"To the extent that their goal is to actually have a negative impact on voter confidence," she added, "we are very concerned about the election in 2022, and obviously in 2024."

For all his bombast and showmanship, Griffin's fortunes and conviction seem to be waning. Despite his Cowboys for Trump shirt, he said all but one of the fellow cowboys drifted away after January 6 last year. And he is disillusioned with Trump himself, citing an issue that brings him back to his earliest grievances: forest management.

He had hoped the president would address some problems with the forest near the town of Cloudcroft, which is at risk for fire. He raised this the first time the president called him.

"I asked him, Mr. President, do you know where Cloudcroft, New Mexico is?" Griffin recalled. "And he kind of laughed and said no. And I said, well, you're gonna know exactly where it's at whenever the forest catches on fire around there, because it's gonna burn the whole town down."

But despite conversations with a Department of Agriculture official, nothing happened. "You know, here I am still in a county that still has a great fire threat," Griffin said. "And I really thought that the president was going to come through on his end, and unfortunately, he never did."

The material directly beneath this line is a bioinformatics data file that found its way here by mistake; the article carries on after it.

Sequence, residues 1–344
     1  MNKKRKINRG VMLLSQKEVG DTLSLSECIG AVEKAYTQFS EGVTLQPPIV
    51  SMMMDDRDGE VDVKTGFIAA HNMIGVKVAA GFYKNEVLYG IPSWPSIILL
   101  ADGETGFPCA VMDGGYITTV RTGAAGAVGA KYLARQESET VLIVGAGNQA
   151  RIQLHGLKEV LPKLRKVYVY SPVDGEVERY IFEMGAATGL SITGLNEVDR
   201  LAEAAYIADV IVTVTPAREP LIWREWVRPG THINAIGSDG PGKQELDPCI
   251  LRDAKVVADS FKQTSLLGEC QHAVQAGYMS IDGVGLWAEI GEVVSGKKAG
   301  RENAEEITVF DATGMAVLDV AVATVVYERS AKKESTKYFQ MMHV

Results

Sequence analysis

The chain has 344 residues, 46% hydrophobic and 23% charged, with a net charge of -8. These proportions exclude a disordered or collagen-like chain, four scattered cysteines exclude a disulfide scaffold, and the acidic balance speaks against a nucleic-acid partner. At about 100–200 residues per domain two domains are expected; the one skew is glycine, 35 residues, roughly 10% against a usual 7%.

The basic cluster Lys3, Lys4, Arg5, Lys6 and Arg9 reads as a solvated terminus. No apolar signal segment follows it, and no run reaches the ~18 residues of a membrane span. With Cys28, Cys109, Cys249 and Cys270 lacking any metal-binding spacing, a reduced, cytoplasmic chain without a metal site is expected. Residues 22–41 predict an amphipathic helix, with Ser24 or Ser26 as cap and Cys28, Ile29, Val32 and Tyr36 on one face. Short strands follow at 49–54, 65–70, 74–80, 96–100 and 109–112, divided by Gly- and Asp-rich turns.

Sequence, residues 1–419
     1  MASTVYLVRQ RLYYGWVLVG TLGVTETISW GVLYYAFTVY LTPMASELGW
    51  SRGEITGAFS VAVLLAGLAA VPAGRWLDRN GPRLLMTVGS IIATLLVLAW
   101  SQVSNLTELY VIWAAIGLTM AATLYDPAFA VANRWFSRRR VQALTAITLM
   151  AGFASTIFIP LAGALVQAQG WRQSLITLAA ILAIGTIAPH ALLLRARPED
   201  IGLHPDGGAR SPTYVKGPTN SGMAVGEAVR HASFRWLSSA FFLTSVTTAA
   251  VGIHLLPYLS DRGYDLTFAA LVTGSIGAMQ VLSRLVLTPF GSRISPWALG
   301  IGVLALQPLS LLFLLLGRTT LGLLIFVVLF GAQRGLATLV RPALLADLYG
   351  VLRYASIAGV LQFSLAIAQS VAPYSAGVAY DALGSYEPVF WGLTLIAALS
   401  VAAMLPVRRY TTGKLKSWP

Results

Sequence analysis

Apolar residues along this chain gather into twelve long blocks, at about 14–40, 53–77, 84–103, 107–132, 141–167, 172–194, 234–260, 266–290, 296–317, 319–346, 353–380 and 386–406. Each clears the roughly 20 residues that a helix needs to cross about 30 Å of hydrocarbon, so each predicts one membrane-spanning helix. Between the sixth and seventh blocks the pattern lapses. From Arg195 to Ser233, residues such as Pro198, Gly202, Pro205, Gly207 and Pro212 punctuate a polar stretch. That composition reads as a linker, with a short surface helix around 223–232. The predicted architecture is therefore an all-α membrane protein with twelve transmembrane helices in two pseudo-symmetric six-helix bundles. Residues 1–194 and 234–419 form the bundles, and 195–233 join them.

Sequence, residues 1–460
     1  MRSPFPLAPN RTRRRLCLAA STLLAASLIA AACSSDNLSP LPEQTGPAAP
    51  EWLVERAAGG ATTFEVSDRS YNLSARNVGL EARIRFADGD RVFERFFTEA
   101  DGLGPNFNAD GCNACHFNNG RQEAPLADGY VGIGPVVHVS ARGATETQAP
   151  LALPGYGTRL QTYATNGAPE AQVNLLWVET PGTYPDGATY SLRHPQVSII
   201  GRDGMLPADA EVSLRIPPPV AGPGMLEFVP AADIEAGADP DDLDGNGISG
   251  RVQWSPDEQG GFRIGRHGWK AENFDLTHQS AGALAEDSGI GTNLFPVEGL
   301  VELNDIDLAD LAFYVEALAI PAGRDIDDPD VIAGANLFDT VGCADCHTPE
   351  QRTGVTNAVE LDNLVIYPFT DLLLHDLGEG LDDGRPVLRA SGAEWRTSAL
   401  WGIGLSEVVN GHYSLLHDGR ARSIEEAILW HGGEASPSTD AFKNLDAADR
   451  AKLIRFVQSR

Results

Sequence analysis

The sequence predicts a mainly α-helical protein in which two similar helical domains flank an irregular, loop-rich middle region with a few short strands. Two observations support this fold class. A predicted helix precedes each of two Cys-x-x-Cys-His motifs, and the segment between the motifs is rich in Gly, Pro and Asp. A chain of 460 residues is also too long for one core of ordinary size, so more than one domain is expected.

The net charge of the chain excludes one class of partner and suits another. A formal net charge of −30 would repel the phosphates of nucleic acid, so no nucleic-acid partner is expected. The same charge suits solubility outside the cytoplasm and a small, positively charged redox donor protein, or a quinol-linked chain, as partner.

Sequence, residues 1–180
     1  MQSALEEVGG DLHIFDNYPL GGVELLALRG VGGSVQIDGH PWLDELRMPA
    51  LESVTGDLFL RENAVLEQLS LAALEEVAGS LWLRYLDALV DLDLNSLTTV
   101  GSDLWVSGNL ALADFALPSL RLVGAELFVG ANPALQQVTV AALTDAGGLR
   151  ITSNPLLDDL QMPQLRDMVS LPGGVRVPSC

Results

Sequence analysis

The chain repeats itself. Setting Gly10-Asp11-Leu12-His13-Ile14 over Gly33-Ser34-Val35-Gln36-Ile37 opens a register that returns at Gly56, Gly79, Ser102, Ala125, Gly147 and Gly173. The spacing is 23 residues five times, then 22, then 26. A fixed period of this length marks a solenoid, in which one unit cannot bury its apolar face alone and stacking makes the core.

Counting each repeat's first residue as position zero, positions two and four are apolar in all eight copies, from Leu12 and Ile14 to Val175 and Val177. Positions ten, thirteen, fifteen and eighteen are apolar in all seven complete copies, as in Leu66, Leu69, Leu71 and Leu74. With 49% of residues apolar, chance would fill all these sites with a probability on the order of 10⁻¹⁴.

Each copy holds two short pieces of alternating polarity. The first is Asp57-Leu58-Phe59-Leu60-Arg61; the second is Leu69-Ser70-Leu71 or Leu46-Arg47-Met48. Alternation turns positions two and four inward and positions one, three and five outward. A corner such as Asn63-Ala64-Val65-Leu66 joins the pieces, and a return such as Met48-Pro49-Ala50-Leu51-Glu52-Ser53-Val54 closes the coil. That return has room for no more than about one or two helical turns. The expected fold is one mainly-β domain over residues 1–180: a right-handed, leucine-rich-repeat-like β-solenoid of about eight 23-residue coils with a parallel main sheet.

Meantime, his barbecue business never succeeded. His wife divorced him. He lives in a doublewide trailer. "It's been such a battle," he said. "And it's cost me everything - from a marriage, to finances, to friends."

Still, the audit rumbles on, and could yet have widespread implications. Secretary of State Maggie Toulouse Oliver said that her office was working to ensure the process does not compromise the "security and integrity" of the tabulating machines used in the elections.

She said in an online press conference that she feared, "a scenario where the tabulators would instantly become, you know, questionable, and we would have to completely take them out of service…It's just a really scary, unfortunate and nonsensical situation."

Oliver also said that if the audit did become a blueprint that other counties followed, "that would be even more concerning than the situation we're already dealing with."

Griffin's term as county commissioner is up this year, and he has said he will not run again. But despite the uproar of the last few years, he still believes he has a support base.

"They see that I'm willing to take a stand," he said.

Alice Fordham joined the news team in 2022 after a career as an international correspondent, reporting for NPR from the Middle East and later Latin America and Europe. She also worked as a podcast producer for The Economist among other outlets, and tries to meld a love of sound and storytelling with solid reporting on the community. She grew up in the U.K. and has a small jar of Marmite in her kitchen for emergencies.